Dylan Dog: Dead of Night (Rated PG-13) One Star
If Dylan Dog (107 min-utes) had been a SyFy origi-nal, maybe we could cut it some slack for being such an awful, awful movie. However this piece of celluloid gar-bage simply has no reason to exist. It is not resurrecting much-beloved pop stars and having them fight each other/get dismembered and eaten by Dinocroc, it is not funding awesomely complex shows like Battlestar Galactica, it is not even employing quality CGI animation companies.
The movie is based on a popular Italian graphic novel written by the same dude that did Cemetery Man (Aside: In that film Rupert Everett is wearing the Dylan Dog uniform since Cemetery Man is the alter ego of Dylan Dog). Knowing the pedigree of the movie, at first glance I had fairly high expectations. Then Natasa began listing all the reasons why the movie would suck, and she pointed out that Brandon Routh was a truly terrible casting choice. And really, Brandon Routh, Natasa had a point. You pretty much suck hard core. You made it utterly pointless for me to even try watching Smallville, your middle name is Smirking Moron, your delivery is wooden and your hair looks like its covered in oil even when it is not.
She then pointed out that it was a cheap compromise to change the sidekick character from a Groucho Marx look-alike (yes, we all agree that foreign comics are weird) into a postmodern zombie. I came to my own conclusions regarding the clumsily obvious attempt to cash in on the success of Trueblood by calling all the vampires truebloods, the offensiveness of changing the setting from London to New Orleans, and the stupidity of having the tagline read “No Pulse? No problem?,” when your lead character doesn’t deal exclusively with the undead. You know what movie that makes? It’s the little things. And cashing in on the Twilight werewolf connection completely invalidates your tagline.
Too bad for the movie that neither the plot nor the dialogue makes up for any of these problems. It is hard to remember what happened at the beginning. Even though I saw this less than 24 hours ago, my mind is blanking in self-defense. I think the movie starts with a murder. Some blond chick (Anita Briem) chosen more for cuteness than her ability to act is dancing around and then dis-covers the body. Scene change. Dylan Dog (Brandon “Smirking Moron” Routh) is awoken by someone’s husband…he is a private investigator specializing in divorce cases, or at least he is now. Apparently there is an entire movie’s worth of backstory that the screenwriters have seen fit to fill us in via flashback since they were too freaking lazy to put together a decent origin story movie. He plays verbal footsy with his guest, which is supposed to serve as a character establish-ing guns-don’t-scare-you-once-you-you-have-lived-a-tragic-backstory scene but instead mostly serves to remind me why Routh should never be allowed to have speaking roles, and is then off to meet with a potential client.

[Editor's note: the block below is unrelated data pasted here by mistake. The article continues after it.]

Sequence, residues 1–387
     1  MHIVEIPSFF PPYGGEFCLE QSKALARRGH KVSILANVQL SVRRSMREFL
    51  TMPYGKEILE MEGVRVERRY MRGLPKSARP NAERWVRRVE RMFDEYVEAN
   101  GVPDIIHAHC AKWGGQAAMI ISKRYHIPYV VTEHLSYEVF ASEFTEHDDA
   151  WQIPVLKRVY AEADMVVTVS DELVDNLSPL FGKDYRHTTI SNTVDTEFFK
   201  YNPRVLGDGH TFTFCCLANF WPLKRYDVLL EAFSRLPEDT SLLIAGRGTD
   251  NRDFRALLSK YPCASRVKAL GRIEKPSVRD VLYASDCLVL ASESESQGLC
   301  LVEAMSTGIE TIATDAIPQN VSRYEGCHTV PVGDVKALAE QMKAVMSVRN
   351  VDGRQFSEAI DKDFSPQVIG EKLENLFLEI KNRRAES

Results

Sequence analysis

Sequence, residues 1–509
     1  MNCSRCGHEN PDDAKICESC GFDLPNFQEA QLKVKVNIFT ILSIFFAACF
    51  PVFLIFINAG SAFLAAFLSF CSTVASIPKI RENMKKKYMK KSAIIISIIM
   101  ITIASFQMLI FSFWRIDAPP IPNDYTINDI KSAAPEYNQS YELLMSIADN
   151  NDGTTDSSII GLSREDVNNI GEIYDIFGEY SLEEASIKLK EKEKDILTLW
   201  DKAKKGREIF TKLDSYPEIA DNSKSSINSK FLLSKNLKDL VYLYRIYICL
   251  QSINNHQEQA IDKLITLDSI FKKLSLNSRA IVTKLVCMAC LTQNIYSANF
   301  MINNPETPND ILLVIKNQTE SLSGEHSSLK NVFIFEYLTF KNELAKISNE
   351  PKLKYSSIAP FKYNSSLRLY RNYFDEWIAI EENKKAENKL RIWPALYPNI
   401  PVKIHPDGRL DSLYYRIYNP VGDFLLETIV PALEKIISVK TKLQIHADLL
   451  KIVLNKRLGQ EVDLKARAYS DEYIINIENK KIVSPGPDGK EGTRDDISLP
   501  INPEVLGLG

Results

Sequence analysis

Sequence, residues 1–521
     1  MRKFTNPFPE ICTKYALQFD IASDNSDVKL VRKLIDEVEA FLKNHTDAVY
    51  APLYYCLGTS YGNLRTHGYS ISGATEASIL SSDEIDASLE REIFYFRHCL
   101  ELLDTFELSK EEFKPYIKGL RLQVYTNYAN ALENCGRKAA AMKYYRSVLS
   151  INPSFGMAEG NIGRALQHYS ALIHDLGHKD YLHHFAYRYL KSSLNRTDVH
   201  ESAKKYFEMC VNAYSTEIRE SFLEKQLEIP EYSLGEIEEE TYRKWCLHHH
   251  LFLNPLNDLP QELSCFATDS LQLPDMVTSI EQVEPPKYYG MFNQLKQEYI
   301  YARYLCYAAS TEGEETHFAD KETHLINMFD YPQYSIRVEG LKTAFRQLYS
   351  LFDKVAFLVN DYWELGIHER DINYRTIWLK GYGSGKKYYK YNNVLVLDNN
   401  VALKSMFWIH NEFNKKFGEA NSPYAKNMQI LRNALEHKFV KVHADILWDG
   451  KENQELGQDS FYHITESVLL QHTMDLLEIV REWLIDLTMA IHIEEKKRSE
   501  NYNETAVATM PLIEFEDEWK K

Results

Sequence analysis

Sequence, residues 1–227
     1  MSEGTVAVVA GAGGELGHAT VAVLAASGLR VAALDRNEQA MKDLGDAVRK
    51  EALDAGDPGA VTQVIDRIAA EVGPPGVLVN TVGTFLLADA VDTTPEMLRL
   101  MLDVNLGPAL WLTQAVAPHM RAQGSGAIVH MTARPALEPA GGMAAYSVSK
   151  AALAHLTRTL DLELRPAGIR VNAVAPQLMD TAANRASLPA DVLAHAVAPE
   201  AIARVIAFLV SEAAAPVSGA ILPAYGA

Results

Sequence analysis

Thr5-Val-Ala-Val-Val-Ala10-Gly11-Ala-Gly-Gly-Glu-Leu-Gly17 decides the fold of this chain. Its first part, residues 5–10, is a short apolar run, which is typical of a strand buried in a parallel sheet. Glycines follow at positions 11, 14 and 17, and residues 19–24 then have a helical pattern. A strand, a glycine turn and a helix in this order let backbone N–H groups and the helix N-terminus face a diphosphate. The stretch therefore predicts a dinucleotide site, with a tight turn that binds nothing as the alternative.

He arrives at cute blonde’s murder house with his sidekick (Sam Huntington) and then gets very upset when she explains she wants to hire him for his supernatural detecting, which he retired from. And we will need to listen to about 50 different characters talk about how they thought he was retired, and then hear him explain that he is retired, except for this one case, and then replay other, better, movies in our heads because those scenes are both painful and endless. Taye Diggs is here doing penance for the short-lived Daybreak, and the bloated remains of Peter Stormare also wander on and off the set.
Overall, don’t bother. This is worse than a Marti Noxon scripted season seven episode of Buffy the Vampire Slayer. The beginning is tedious and the ending fails to resolve anything. My eyes rolled so often during the course of this movie I actually gave myself eyestrain. It’s not funny, it’s not quirky, it’s not scary, it’s not interesting, and there are massive plot holes re-sulting from flat-out lazy writing.